Avi Nesher
Avi Nesher preparing for his explosive scene in “Rage and Glory.'The film had “a terrible beauty,' says the director.
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When I made "Rage and Glory" in 1984, I wanted to make a film that would deal with the human face of terrorists. When you talk about the enemy they're called "terrorists," but when it comes to our guys they're always "freedom fighters." This film was made at a very sensitive time in Israel, during the first Lebanon war. At the time, for example, they prohibited the screening of "The Battle of Algiers" in Israel, because Arab terrorists were portrayed in it as freedom fighters. I wrote a screenplay about a Lehi [pre-state underground] fighter named Eddie the Butcher, who dedicates himself to an idea and is willing to take a life and pay with his life. I identified with this character and the decision to cast Juliano Mer, a Jewish Arab, for the role was considered scandalous at the time. The feeling was that it would be dangerous to film that here.

Because I started working on this film after "The Troupe" and "Dizengoff 99," which were very popular, it aroused a lot of interest. But because of its subject, there was a feeling in Israel that it represented a foreign viewpoint. Anyone who dared at the time to say anything against the Lebanon war was considered an enemy of the people. As far as I was concerned, I wanted to tell the story of a Lehi cell in Jerusalem in 1942. And I said that if anyone wanted to give the film another interpretation, they were welcome to do so. But that was dangerous. They threatened Juliano's life as well as mine. We weren't afraid of dying, but we felt that we were doing something dangerous.

One night we filmed a scene in which a British secret policeman tries to arrest Eddie. Juliano insisted on being present at the filming, although his character was supposed to be outside the frame, and when the policeman fired a blank at him, which was full of pieces of coal, they pierced his face. We took him to hospital where he underwent surgery all night, and he clearly couldn't be filmed the next day.

The most important scene in the film was planned for the next day, in which the Lehi group blows up the British secret police building in Jerusalem. We filmed it in the high school at what is now the Suzanne Dellal Center, aware that the building - which was slated for demolition - was already packed with two tons of dynamite, and that they were going to blow it up the next day, with or without us.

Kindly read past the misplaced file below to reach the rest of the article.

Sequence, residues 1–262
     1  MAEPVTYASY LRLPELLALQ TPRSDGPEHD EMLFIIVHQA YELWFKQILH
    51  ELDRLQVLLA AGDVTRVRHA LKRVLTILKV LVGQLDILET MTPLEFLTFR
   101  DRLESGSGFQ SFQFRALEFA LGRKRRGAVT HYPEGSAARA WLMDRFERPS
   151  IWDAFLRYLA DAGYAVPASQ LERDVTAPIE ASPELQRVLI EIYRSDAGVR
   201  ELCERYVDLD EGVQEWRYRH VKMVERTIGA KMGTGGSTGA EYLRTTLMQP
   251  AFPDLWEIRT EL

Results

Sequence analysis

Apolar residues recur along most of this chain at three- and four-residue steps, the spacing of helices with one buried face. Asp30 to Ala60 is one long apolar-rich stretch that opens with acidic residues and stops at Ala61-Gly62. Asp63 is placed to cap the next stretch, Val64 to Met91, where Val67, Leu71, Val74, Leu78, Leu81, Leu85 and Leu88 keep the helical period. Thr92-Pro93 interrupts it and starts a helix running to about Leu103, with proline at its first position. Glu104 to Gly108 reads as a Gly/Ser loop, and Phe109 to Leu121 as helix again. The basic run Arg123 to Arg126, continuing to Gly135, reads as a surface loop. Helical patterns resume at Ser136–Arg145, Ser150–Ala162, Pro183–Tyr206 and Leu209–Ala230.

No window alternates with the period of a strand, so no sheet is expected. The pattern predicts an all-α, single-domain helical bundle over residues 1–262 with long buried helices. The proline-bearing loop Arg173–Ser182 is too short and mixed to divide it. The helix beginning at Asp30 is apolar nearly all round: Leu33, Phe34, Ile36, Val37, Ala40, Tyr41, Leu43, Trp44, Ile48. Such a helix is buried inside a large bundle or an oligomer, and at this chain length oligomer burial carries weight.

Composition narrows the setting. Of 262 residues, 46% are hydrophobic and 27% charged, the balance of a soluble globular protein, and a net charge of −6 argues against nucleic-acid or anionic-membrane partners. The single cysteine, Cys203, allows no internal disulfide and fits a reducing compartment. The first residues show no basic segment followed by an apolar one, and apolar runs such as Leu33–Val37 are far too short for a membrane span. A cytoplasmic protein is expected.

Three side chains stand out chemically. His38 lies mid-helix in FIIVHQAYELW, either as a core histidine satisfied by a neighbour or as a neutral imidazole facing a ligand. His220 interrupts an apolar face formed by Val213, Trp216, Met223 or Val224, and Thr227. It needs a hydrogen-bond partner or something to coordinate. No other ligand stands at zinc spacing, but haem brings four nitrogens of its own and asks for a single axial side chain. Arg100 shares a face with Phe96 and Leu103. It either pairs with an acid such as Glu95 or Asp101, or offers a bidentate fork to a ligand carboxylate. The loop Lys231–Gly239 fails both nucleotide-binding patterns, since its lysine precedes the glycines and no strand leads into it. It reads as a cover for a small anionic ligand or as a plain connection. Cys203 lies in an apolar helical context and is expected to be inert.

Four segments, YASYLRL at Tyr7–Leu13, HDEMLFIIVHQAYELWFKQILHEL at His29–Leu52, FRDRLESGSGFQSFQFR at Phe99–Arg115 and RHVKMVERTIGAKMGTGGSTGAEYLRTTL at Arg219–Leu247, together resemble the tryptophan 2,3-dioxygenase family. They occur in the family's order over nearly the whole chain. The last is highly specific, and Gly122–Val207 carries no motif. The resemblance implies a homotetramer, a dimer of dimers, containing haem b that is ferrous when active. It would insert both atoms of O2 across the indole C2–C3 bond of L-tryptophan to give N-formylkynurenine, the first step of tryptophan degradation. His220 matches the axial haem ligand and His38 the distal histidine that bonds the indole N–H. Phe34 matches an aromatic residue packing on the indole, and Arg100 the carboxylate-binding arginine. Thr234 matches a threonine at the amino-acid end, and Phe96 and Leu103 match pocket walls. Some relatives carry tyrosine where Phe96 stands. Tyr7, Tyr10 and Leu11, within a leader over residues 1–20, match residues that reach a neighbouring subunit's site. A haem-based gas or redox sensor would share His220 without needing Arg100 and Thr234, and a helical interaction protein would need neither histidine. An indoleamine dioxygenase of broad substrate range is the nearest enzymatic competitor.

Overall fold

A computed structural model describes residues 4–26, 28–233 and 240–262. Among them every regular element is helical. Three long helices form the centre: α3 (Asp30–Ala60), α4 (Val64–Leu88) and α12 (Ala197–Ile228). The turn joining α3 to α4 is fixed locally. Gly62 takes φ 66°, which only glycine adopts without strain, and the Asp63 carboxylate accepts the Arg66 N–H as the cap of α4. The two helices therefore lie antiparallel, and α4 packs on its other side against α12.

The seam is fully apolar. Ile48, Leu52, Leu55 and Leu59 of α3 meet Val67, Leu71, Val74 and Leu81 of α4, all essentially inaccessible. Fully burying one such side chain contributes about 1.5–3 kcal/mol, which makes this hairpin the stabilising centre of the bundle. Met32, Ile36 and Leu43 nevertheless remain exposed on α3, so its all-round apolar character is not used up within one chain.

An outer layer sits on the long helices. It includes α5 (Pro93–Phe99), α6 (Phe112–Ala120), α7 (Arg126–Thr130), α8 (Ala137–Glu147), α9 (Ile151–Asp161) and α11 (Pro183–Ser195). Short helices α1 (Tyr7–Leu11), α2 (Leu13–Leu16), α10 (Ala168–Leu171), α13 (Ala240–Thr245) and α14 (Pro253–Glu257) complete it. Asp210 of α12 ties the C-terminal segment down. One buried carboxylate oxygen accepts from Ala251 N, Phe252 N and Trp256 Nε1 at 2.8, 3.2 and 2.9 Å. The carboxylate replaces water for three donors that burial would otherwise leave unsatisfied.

While we were still in the hospital, photographer David Gorfinkel said to me: "You know what, from behind you resemble Juliano." And then we had the idea that I would play Eddie in that crazy action scene. We decided that the director would blow up together with the building, and a few months later we would film the close-up of this scene with Juliano.

And that's what happened. In the picture you see me while the scene was being filmed, when I was playing Eddie the Butcher. They filmed me from behind while I was being shot at and things were exploding next to me, and everything reaches a crescendo when Eddie tries to escape, lies down on barbed wire, and behind him is the building that is about to blow up. I was holding the device that detonated the explosion. The barbed wire was ripping my flesh, injuring me, [the actor] Roni Pinkovitz is pulling me, and everyone is shouting: "Blow it up, blow it up!" And all I can think about at that moment is that later, in the editing room, I'll want a few more seconds of this moment. In the end I press the button, and in Pinkovitz's eyes I see the entire building fly into the air.

It had a terrible beauty, because I knew that in a few months, when the film came out, something terrible would happen to me. In the end the film failed in Israel but was successful at foreign festivals, and I developed a kind of fearlessness regarding things that are considered dangerous.

When I wanted to do "Turn Left at the End of the World" (2004 ), for example, they told me: "Why do you want to make a film about Moroccans and Indians, aren't you afraid to enter those places? Isn't it a shame to pay the price?" But I had already been there, I had already paid the price, and I saw that in the final analysis it was all right. Since then, I make every film as though it were my last. I always see the end of the road as an option, but that doesn't deter me enough. I'm not frightened enough to stop or to avoid going all the way with whatever interests me.